Doing our part

With John McWhorter

A couple of weeks ago I was talking to my friend John McWhorter about this year’s “insurrection” at the Capitol and the different kinds of threats posed by the radical left and the radical right.

In the course of that conversation, we stumbled upon an idea that we’re still thinking about.

The Glenn Show seems to be turning into a focal point for concerns about the spread of CRT, “anti-racism” and woke ideology broadly in the American society and institutions. Both of us are receiving a large amount of mail, and some of it seems to require action. People are sending us memoranda, documents, two-page letters describing their situation, telling us that their life is being destroyed, that they need a lawyer and want us to refer them to one.

We’re reading every one of these messages, but we can’t properly respond to most of them, let alone take meaningful action.

So I thought, maybe we need to develop a more systematic way of processing this information.

I said on the show—spontaneously—that we might want to consider hiring somebody to help us sort through the messages we are receiving. We’ve gotten quite a few responses to that. We’re still pondering whether that is the right next step though. It could be, for instance, that the systematizing can be crowdsourced if we find the right tool for it. Please forgive us for not responding to your offers of help right away.

What we did decide to do now is to set up a special email address,, for these kinds of concerns.

Please do NOT use it if what you have is a general question, a suggestion for an interview, or a note of support.

Please DO use it to tell us about the ways the zeitgeist is manifesting itself at your place of employment; about the help you might need from us or other members of our community; about the ways you would want to see this initiative to evolve in; or about the contribution you would like to make yourself.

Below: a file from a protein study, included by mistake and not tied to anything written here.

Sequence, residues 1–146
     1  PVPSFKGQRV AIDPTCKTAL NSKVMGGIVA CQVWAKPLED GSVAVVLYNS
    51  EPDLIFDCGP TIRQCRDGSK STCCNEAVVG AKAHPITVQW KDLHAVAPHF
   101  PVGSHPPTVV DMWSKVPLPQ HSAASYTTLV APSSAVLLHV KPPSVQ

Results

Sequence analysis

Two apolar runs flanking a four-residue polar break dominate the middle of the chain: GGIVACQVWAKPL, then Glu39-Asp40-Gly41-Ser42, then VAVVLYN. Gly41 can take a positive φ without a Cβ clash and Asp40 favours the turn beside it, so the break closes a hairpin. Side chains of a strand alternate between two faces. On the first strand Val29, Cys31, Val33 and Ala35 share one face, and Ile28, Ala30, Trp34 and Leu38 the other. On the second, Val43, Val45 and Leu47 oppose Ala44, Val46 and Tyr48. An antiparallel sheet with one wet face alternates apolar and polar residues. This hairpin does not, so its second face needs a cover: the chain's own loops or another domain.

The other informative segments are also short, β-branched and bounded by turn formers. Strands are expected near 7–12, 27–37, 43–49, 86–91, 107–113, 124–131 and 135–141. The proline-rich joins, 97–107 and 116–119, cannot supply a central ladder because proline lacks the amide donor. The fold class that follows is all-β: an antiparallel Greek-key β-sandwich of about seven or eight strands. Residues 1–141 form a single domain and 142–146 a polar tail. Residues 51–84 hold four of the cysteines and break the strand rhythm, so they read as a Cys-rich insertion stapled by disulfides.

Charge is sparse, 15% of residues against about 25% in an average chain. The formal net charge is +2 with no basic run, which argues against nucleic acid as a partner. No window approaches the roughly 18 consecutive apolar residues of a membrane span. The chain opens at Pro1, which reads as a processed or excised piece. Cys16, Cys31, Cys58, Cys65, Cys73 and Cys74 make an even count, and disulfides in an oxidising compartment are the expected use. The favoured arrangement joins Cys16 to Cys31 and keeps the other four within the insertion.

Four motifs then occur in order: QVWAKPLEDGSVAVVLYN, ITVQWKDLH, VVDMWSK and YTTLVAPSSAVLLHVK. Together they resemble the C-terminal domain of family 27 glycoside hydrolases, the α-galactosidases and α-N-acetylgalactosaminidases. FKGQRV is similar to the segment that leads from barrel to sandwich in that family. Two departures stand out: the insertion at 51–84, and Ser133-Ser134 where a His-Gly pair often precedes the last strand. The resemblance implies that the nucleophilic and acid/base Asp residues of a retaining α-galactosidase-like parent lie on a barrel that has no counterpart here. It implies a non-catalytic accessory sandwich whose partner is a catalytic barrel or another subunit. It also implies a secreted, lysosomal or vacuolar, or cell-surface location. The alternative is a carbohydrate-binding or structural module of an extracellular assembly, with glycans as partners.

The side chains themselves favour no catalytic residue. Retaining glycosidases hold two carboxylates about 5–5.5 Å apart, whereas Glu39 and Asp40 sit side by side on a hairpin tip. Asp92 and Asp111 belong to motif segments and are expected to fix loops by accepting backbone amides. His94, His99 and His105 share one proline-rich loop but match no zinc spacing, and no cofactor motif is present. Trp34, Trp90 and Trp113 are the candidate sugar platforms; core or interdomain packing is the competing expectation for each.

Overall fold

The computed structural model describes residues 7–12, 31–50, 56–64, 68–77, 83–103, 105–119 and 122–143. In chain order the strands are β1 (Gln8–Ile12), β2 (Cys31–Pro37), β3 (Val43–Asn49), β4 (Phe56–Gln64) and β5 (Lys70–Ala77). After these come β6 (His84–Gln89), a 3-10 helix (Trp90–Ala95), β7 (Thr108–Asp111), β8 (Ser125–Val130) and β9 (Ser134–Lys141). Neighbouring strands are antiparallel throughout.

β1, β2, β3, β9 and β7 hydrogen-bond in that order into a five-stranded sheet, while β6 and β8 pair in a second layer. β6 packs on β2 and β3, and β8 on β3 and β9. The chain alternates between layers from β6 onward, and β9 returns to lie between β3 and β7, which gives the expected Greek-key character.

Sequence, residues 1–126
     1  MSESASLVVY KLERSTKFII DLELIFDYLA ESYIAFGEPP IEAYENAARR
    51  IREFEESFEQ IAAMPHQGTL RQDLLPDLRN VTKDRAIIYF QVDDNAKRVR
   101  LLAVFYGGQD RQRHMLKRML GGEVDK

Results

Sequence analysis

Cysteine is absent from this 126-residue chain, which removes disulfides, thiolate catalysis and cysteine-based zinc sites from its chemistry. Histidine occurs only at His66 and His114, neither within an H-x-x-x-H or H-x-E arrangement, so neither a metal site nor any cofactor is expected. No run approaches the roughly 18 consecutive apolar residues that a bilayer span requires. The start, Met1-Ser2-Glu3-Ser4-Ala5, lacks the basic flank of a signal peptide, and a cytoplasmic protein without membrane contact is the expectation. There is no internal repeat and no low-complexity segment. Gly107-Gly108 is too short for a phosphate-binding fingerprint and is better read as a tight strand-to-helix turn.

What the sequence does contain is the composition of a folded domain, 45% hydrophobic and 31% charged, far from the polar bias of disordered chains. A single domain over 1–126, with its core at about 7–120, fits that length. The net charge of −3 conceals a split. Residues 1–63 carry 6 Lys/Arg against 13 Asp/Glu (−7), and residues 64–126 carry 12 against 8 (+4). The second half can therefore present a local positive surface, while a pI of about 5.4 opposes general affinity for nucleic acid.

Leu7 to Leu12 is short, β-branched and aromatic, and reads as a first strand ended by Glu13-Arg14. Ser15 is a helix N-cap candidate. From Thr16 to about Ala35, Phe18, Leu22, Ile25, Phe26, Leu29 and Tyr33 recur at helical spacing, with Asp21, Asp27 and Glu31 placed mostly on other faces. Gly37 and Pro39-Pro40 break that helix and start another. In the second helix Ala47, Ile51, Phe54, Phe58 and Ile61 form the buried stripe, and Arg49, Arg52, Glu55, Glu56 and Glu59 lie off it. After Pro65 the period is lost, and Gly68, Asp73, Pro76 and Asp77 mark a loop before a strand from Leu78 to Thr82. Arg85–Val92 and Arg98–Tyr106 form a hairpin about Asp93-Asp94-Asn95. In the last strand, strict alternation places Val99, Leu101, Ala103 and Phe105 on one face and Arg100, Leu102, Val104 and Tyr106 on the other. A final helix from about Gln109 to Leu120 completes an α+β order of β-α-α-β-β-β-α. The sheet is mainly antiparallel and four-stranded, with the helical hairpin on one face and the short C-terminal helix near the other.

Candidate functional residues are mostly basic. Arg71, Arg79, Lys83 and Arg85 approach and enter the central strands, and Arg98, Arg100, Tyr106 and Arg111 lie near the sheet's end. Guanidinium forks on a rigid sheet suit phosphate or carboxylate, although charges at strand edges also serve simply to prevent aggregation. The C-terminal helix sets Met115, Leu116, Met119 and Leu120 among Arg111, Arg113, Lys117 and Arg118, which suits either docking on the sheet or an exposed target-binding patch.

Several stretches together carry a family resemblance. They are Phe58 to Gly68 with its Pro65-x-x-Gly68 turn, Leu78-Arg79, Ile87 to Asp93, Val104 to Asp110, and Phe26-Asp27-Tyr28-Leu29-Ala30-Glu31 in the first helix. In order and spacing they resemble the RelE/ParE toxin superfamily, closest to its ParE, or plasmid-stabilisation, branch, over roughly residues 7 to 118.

Please also let us know whether you’re comfortable with us sharing your message, or a specific part of it, with others.

It’ll be easier for us to sort through these missives if you help categorizing them:

  • If you’re looking for advice, put the word HELP in the subject of your email.

  • If you have information you want to share with us, use the word INFO.

  • If you have suggestions on how our community (dare I say movement?) can develop, use GROW.

  • If you want to offer volunteer work, use WORK.

  • If none of these match your concern, use no label or suggest your own.

America and the world are in a precarious place. It is hard to see our situation clearly, to provide a useful analysis of it, to figure out the right course of action, and to then take that course. John and I have been trying to contribute to each of these steps, focusing more on the analysis than on action.

Perhaps it is time we start broadening our contribution, and I think it starts with a more deliberate way of paying attention to your concerns. Once we have a better sense of what the members of our community are dealing with at the local level, we should be in a better position to think of ways we can help one another collectively.

Thank you. Below, please find the segment of our conversation, where this possibility was first brought up.

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LOURY: You want to talk about what the insurrection of January 6, 2021 at the Capitol of the United States of America meant and what it didn't mean?

MCWHORTER: A lot of people are asking why we care so much about these things, why we are fighting against the excesses of wokeness so much, out of an idea that this seismic development in our intellectual, moral, and artistic culture is mere static compared to the threat to the Republic posed by, for example, the kinds of people who would invade the Capitol, the kinds of people who are making violent statements online and threatening to gather to “take their country back.” The idea is that that's more important than all of these things going on on the hard left.